Oligonucleotide probes (48-mers; Invitrogen, Rockville, MD, USA) were labeled with [35S]-dATP as described earlier (Steiner & Kitai, 2000). The probes had the following sequence: zif 268, complementary to bases 352–399, GenBank accession number M18416; c-fos, bases 207–254, X06769. One hundred µl of hybridization buffer containing labeled probe (~3 × 106 cpm) was added to each slide. The sections were coverslipped and incubated at 37 °C overnight. After incubation, the slides were first rinsed in four washes of 1X saline citrate (150 mM sodium chloride, 15 mM sodium citrate), and then washed 3 times 20 min each in 2X saline citrate/50% formamide at 40 °C, followed by 2 washes of 30 min each in 1X saline citrate at room temperature. After a brief water rinse, the sections were air-dried and then apposed to X-ray film (BioMax MR-2, Kodak) for 5–9 days.
Gene expression in the cortex was assessed in sections from 4 rostrocaudal levels (Fig. 1): frontal, approximately at +2.7 mm relative to bregma (Paxinos & Watson, 1998); rostral, +1.6; middle, +0.4; caudal, −0.8. Levels of mRNA were measured in a total of 22 cortical regions (from medial to lateral; Paxinos & Watson, 1998): cingulate (CG), medial agranular (M2), motor (M1), somatosensory (SS) and insular (I) cortex on frontal to caudal levels, and infralimbic (IL), prelimbic (PL) and insular/lateral orbital cortex (I/LO) on the frontal level. Striatal gene expression was determined on rostral, middle and caudal levels in a total of 23 sectors mostly defined by their predominant cortical inputs (Fig. 1; see Willuhn et al., 2003). Eighteen of these sectors represented the caudate-putamen: medial (m), dorsomedial (dm), dorsal (d), dorsolateral (dl), ventrolateral (vl), ventral (v), central (c), dorsal central (dc), ventral central (vc); and 5 the nucleus accumbens: medial core (mC), lateral core (lC), medial shell (mS), ventral shell (vS) and lateral shell (lS) (Yano & Steiner, 2005a).
Hybridization signals on film autoradiograms were measured by densitometry (NIH Image; Wayne Rasband, NIMH, Bethesda, MD, USA). The films were captured using a light table (Northern Light, Imaging Research, St. Catharines, Ontario, Canada) and a Sony CCD camera (Imaging Research). The “mean density” value of a region of interest was measured by placing a template over the captured image. Mean densities were corrected for background by subtracting mean density values measured over white matter (corpus callosum). Values from corresponding regions in the two hemispheres were then averaged. The illustrations of film autoradiograms displayed in Figures 3, ,55 and and1010 are computer-generated images, and are contrast-enhanced where necessary. Maximal hybridization signal is black.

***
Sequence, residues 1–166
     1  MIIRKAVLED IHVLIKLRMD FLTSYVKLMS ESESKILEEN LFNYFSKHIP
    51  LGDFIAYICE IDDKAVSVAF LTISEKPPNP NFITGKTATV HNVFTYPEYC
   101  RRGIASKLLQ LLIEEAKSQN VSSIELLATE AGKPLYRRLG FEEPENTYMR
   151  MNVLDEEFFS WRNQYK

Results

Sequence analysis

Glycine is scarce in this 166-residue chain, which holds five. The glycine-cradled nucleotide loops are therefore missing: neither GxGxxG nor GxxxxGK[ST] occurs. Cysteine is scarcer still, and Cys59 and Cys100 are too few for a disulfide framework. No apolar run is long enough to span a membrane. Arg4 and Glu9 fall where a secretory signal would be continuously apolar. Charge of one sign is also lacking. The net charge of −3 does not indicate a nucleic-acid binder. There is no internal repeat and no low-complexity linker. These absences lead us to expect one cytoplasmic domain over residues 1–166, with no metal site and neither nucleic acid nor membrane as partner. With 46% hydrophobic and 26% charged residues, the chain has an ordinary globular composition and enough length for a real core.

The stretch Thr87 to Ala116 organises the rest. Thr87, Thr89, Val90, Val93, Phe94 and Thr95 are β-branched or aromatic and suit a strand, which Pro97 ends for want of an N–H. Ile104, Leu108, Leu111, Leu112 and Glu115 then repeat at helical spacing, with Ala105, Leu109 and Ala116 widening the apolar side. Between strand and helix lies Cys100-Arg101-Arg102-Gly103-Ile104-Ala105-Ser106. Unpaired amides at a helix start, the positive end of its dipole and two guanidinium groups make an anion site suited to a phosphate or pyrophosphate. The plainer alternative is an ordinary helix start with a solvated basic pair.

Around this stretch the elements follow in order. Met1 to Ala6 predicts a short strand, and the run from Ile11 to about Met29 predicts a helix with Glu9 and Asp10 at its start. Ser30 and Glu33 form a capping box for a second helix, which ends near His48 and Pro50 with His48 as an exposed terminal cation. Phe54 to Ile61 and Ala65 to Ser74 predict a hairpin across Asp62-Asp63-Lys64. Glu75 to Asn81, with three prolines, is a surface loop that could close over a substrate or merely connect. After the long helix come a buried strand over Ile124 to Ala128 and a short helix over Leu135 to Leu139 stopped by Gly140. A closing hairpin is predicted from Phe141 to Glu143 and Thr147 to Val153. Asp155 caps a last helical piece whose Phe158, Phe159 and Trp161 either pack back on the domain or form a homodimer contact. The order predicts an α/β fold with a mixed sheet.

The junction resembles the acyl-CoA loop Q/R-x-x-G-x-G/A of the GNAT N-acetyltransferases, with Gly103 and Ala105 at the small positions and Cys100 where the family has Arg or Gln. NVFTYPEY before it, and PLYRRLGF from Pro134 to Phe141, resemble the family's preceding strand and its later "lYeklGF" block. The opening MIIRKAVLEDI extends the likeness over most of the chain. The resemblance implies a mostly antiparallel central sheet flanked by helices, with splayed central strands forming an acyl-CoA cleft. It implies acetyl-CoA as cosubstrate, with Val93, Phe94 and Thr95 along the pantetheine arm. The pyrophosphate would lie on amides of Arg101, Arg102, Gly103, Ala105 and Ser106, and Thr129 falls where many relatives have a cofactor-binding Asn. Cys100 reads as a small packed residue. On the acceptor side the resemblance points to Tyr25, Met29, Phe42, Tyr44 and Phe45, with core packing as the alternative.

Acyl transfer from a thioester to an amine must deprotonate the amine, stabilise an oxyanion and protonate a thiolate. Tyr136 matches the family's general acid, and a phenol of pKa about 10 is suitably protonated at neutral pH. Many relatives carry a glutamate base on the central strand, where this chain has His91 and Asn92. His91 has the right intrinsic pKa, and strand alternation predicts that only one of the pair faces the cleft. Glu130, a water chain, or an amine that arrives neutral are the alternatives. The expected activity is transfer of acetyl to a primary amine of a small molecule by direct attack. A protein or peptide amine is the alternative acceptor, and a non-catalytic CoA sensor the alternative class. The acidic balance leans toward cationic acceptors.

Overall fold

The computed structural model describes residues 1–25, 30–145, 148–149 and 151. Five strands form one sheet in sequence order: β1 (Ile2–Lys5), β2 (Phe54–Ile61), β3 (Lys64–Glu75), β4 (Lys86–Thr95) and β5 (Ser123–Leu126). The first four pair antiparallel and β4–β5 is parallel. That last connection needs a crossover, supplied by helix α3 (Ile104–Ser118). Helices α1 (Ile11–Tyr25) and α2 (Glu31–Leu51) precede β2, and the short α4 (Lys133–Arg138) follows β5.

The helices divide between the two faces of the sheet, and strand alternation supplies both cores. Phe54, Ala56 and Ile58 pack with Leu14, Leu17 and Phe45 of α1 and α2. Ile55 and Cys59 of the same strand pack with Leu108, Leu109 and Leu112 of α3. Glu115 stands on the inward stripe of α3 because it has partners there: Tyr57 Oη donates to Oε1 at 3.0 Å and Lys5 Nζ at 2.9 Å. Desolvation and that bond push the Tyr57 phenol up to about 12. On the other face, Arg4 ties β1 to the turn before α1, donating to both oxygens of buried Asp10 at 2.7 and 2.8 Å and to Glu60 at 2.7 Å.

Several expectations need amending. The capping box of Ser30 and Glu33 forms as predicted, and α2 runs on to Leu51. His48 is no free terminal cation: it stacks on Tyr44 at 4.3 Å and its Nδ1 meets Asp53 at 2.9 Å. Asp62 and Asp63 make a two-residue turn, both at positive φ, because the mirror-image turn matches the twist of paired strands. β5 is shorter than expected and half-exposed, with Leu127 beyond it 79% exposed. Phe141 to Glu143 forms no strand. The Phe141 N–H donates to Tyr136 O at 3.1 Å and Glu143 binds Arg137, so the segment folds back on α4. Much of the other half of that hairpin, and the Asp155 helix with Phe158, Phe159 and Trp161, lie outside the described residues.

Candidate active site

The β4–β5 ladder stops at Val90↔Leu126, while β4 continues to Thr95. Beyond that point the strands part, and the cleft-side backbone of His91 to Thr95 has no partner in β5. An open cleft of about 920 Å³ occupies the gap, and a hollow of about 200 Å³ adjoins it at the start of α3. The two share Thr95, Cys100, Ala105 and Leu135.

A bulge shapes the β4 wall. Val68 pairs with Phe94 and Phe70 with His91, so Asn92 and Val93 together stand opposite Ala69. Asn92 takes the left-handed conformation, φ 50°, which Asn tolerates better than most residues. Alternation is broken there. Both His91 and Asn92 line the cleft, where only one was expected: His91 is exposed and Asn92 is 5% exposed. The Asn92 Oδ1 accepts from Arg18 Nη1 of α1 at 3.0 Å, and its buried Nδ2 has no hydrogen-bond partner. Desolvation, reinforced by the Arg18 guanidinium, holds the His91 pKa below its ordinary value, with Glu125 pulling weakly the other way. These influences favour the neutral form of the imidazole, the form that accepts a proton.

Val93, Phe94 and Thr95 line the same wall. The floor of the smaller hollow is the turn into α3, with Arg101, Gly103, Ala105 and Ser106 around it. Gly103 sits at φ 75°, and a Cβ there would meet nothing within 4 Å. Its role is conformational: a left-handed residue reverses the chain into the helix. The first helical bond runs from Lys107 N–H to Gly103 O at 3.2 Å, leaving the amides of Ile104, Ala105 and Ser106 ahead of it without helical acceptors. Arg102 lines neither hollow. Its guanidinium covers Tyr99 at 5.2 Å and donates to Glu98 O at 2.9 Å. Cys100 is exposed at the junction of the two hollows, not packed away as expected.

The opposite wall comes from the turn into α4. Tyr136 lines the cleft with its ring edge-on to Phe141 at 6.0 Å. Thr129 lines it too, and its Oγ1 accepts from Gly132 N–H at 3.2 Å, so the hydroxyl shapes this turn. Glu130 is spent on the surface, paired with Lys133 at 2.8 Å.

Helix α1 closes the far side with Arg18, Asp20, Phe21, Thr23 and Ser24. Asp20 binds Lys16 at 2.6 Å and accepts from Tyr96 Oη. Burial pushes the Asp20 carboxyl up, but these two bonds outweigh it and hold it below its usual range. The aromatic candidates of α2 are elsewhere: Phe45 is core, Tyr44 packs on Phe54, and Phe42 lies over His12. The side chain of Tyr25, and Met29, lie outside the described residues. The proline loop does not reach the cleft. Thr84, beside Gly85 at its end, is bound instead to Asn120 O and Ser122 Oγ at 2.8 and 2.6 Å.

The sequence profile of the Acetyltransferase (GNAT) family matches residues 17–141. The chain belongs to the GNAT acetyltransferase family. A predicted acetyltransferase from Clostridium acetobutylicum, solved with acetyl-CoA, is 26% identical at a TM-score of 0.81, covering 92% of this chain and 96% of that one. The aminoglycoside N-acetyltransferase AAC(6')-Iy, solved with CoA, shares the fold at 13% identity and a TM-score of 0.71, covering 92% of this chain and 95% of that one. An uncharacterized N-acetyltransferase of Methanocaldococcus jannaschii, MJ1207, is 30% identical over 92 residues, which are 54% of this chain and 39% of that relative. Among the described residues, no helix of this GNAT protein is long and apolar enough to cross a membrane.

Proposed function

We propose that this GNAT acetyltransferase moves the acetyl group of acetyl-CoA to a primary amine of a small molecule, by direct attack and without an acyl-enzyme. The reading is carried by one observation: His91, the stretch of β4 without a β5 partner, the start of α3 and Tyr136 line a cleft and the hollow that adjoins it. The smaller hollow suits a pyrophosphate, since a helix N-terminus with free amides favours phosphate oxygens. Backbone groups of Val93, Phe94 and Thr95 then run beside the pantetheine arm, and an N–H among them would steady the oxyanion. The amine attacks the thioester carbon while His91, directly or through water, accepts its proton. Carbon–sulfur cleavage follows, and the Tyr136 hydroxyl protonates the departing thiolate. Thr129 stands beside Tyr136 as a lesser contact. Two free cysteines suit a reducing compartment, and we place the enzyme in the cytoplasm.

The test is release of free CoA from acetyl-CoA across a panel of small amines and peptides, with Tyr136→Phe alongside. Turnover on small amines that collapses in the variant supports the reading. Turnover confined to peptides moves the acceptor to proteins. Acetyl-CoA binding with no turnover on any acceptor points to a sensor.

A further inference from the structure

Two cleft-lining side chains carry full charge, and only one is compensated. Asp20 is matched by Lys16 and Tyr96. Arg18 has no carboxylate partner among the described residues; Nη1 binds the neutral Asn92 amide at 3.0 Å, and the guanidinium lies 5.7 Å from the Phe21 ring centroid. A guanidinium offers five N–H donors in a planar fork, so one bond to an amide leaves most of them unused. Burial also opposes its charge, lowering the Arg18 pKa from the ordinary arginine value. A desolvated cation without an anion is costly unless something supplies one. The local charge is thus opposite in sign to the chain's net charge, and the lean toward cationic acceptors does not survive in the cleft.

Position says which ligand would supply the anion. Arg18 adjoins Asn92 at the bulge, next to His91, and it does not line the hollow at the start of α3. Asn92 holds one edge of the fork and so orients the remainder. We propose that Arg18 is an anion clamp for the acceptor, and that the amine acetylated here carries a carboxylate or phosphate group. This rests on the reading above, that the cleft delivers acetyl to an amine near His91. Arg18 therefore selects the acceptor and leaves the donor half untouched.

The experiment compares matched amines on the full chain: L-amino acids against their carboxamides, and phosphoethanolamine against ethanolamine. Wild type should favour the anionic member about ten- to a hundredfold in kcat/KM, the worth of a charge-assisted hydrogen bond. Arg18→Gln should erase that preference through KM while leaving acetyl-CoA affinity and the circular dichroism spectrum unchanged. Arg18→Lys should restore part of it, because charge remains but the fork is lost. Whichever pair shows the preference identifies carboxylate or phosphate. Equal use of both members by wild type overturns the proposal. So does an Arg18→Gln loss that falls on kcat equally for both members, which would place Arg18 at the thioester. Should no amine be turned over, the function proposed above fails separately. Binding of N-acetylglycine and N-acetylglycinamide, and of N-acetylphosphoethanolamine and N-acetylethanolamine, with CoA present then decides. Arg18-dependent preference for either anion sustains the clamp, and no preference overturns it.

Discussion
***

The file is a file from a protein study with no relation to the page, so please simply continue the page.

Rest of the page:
Treatment effects were determined by two- and three-factor ANOVA with methylphenidate (0, 2, 5 mg/kg) and fluoxetine or citalopram (0, 5 mg/kg) as between-subject variables. Newman-Keuls post hoc tests were used to describe differences between individual groups (Statistica, StatSoft, Tulsa, OK, USA). For illustrations of topographies (maps), the change in gene expression in a given region was expressed as the percentage of the maximal change in the striatum observed for a particular probe (% max.). It was of interest to determine whether the regional distribution in the striatum of the changes in gene expression was similar for c-fos and zif 268. Thus, these changes in the 23 striatal sectors were compared by Pearson correlations. Also, our previous studies showed that such two-marker correlation analyses are more sensitive than ANOVAs to measure threshold drug effects, because trends contribute to correlations (Yano & Steiner, 2005a,b). For these analyses, the values were normalized relative to the maximal change observed for the 5 mg/kg methylphenidate treatment.